Confusion reigns over evictions as housing court reopens
Gov. Andrew Cuomo in May extended but limited the statewide eviction ban
By Georgia Kromrei
As housing court begins to reopen, confusion reigns over whether certain evictions can proceed.
New York City’s top housing court judge on Monday said the state administrative judge’s March order halting evictions statewide still stands — a sharp contrast to Gov. Andrew Cuomo’s May order that extended but limited the ban.
The conflicting guidance, which came up during a virtual question and answer session with attorneys this week, has led to confusion and frustration in the legal community.
“Judge Marks’ administrative order says no evictions until further notice, and we don’t have a further notice yet,” said Judge Jean Schneider. “That doesn’t mean you couldn’t get a further notice tomorrow — literally, I believe there is not a resolution of what Judge Marks will do with that process, in terms of execution of the warrant.”
The March 15 order from Judge Lawrence Marks suspended all pending eviction orders statewide “until further notice.” In May, Cuomo limited the ban to cover only evictions for non-payment, where a tenant could prove financial distress as a result of Covid-19. But the court system has not yet issued an administrative order reflecting the governor’s most recent eviction guidance.
A spokesperson for the court said that executive orders supersede any administrative orders from the court, and it was unclear why the confusion had arisen. “No decisions have been made yet,” said Lucian Chalfen, a court representative. “We will wait and see what the Governor decides to do.”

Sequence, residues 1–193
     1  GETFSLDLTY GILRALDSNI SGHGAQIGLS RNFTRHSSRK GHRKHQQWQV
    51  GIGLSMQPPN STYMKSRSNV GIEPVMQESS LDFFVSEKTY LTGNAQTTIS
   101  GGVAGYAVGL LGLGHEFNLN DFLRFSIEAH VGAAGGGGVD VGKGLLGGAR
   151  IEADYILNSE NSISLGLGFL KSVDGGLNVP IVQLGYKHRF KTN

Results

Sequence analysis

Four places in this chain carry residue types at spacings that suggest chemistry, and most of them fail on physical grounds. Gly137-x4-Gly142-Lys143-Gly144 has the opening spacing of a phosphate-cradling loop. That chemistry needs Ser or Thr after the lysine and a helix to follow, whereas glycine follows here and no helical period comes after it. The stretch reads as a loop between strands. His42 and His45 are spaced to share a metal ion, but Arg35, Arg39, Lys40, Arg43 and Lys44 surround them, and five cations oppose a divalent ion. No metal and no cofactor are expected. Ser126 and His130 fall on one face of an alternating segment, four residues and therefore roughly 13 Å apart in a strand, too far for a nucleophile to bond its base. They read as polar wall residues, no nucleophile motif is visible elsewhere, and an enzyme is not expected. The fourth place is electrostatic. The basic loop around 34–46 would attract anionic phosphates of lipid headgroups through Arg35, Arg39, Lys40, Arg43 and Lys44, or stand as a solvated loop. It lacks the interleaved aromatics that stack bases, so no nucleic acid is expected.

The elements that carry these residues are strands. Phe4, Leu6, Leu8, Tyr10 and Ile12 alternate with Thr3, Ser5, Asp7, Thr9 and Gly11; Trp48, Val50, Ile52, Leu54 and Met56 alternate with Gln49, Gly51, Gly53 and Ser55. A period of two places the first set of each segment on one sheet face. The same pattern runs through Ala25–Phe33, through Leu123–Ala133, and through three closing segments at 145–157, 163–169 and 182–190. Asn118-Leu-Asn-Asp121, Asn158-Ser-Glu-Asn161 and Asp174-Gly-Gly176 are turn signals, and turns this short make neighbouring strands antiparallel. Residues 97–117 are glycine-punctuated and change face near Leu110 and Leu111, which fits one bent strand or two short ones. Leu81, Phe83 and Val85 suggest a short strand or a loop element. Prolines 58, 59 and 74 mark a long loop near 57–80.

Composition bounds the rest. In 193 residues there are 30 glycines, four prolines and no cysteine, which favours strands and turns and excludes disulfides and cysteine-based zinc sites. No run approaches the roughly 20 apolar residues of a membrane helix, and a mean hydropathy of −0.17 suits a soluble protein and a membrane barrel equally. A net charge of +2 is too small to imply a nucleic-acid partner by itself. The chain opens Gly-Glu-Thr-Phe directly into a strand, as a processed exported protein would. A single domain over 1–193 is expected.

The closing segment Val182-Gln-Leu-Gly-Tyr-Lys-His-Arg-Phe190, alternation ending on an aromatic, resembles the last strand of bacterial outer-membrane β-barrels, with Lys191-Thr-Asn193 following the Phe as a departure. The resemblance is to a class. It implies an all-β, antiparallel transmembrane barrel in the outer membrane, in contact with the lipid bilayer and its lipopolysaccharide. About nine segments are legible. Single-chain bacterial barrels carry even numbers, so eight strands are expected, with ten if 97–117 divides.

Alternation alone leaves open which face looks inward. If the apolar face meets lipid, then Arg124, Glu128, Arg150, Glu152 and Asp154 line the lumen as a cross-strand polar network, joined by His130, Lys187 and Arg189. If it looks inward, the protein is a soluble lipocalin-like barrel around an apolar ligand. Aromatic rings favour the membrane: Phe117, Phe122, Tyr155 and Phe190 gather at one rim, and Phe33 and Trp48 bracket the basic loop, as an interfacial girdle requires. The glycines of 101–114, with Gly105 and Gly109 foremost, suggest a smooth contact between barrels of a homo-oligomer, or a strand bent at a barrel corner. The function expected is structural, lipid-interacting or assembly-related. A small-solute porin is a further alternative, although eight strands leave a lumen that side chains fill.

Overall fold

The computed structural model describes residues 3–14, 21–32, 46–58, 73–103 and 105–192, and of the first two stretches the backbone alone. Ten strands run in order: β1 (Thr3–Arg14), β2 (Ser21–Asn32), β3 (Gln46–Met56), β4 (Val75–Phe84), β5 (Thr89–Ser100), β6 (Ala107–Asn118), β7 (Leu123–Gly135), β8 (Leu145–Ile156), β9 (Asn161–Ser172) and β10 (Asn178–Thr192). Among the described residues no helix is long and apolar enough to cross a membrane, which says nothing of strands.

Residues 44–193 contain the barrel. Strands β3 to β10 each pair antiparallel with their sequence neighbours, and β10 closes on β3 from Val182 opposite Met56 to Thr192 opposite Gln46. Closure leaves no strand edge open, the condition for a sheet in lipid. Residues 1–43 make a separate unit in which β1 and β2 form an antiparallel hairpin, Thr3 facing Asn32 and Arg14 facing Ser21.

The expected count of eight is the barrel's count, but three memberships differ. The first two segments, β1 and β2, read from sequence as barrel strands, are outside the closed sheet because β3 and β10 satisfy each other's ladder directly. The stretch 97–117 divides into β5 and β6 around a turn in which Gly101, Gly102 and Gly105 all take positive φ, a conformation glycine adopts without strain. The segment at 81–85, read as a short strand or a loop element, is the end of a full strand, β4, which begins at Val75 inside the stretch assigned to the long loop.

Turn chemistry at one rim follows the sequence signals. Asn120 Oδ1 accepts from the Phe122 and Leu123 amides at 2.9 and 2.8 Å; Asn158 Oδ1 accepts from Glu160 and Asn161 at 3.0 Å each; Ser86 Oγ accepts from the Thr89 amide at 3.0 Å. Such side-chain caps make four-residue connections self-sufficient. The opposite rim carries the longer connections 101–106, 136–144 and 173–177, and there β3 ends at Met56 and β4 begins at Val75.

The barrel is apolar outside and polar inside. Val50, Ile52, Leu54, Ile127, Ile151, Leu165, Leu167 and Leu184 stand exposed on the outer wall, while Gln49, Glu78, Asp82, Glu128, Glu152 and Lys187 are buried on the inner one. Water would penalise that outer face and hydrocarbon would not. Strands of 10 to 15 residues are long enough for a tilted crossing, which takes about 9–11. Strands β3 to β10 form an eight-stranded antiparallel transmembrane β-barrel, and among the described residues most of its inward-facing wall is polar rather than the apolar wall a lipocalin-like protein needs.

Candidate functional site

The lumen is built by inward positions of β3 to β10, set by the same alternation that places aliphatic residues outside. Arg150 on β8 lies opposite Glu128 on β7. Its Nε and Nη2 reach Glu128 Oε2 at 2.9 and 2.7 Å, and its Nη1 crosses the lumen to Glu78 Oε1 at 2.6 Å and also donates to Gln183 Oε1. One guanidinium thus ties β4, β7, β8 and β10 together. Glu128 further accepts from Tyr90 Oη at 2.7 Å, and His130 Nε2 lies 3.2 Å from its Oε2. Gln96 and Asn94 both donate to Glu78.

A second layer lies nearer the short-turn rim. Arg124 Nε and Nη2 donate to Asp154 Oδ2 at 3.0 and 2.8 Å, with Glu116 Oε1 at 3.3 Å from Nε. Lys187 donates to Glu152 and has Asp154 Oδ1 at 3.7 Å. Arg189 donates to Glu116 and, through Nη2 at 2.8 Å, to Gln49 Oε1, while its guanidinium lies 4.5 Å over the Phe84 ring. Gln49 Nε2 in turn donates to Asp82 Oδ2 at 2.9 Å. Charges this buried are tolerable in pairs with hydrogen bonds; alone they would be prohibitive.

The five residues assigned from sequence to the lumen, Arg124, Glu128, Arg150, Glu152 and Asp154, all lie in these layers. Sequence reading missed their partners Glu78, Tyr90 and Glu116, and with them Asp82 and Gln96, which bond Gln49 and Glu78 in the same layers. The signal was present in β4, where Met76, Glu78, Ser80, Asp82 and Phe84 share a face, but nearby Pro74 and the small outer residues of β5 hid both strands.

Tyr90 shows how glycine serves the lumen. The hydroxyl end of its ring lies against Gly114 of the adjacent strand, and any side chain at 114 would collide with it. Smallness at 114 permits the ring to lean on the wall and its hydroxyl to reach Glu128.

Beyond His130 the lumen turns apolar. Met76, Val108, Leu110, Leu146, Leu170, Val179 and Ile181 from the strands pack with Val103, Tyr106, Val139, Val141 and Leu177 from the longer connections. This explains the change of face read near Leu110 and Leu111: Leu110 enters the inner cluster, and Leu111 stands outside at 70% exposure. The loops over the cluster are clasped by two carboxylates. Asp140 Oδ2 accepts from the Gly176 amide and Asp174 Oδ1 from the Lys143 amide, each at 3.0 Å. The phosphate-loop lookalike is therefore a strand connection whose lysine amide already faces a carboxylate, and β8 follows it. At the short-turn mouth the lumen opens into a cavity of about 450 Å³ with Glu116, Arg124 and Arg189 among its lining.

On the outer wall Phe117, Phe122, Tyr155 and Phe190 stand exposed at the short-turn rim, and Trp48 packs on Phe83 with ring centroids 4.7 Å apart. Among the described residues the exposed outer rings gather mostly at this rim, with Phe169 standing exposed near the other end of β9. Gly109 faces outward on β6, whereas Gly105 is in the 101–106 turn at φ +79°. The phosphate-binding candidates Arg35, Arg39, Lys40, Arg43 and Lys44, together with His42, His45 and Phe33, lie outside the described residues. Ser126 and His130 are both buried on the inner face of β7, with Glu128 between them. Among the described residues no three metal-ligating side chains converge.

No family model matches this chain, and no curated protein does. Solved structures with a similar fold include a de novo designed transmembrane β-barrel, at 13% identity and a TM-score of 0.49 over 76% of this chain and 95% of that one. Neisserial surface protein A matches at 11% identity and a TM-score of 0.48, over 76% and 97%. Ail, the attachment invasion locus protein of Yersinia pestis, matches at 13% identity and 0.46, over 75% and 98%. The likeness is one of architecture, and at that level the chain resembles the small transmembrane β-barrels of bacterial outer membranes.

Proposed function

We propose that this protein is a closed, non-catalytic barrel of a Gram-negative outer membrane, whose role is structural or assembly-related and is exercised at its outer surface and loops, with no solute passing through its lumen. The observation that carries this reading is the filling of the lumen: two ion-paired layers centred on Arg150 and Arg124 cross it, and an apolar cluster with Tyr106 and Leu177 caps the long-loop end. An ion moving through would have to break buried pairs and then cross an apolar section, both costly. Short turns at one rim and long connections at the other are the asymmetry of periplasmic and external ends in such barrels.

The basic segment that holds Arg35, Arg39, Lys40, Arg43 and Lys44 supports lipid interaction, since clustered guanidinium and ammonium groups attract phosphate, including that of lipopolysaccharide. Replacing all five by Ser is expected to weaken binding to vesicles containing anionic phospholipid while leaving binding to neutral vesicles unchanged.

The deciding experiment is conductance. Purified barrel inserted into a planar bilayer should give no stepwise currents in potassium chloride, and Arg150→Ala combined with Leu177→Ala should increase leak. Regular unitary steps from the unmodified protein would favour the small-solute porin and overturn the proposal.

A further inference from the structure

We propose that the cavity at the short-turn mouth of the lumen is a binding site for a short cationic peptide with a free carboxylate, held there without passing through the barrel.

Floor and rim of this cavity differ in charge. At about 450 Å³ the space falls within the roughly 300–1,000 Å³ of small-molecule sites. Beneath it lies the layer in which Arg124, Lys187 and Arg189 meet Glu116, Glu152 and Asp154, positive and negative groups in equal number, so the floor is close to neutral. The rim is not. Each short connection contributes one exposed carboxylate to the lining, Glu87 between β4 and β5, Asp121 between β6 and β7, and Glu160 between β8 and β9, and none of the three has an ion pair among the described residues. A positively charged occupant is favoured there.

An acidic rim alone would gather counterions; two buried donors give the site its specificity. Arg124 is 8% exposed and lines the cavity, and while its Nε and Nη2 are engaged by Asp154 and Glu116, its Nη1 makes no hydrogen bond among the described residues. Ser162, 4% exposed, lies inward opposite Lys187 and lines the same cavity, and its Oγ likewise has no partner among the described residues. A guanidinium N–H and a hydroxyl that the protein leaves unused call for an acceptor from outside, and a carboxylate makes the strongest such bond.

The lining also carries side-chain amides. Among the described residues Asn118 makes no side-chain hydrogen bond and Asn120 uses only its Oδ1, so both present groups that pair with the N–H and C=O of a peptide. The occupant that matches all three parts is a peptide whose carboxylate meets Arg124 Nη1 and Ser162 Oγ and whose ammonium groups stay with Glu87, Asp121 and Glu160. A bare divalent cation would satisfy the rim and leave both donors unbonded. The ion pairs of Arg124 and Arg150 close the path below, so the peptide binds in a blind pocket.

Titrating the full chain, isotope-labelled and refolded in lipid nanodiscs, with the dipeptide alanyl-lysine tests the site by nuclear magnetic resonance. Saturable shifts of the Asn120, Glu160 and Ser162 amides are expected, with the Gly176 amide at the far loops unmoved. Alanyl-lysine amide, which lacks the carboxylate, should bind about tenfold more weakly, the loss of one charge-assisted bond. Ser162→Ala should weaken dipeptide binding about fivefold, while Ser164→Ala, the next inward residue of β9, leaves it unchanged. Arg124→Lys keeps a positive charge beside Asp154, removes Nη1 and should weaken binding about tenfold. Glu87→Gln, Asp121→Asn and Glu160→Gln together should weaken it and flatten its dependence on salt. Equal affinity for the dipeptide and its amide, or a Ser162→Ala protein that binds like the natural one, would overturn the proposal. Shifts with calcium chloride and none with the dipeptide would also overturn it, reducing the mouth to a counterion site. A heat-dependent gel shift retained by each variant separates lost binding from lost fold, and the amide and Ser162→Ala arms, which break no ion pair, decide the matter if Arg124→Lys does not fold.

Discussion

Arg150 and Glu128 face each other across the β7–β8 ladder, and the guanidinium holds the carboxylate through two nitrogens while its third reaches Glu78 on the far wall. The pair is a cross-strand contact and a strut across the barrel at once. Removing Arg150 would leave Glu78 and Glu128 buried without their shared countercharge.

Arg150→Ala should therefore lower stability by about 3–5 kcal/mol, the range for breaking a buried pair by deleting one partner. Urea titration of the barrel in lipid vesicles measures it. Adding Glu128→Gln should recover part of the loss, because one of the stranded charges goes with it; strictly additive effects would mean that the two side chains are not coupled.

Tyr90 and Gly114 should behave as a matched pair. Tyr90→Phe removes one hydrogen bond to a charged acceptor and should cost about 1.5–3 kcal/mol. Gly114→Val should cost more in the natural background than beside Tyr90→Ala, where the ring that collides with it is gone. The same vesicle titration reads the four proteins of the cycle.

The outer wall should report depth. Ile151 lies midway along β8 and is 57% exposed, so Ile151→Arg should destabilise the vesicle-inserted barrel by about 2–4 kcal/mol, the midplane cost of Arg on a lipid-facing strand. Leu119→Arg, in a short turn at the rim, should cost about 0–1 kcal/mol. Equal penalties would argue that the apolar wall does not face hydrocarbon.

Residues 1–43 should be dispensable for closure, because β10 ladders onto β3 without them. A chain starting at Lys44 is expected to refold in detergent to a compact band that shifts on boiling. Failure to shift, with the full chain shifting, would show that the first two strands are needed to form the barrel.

Chalfen did not offer further clarification on Judge Schneider’s remarks but said the court will issue further guidance this week. (Cuomo’s most recent eviction order goes into effect on Saturday, and housing court reopens on Monday.)
The governor’s office did not respond to a request for comment.
Tenant lawyers say the lack of clarity will lead to a wave of eviction notices and create confusion among some of the city’s more vulnerable populations, including those who do not speak English as a first language and those who do not have attorneys.
“The courts have done no planning on what to do with the thousands of unrepresented tenants who are going to show up in housing court to try to stop their eviction,” said Ellen Davidson, a staff attorney at Legal Aid.
Landlord attorneys are also frustrated by the lack of clarity about whether or not evictions can be started in housing court.
“It would not make sense to open Housing Court for business and then not give it the oxygen to do its job,” said Adam Leitman Bailey, an attorney at his eponymous firm. “Justice Marks will once again do the right thing and clarify the order and allow evictions to proceed, as soon as he realizes he is needed to act.”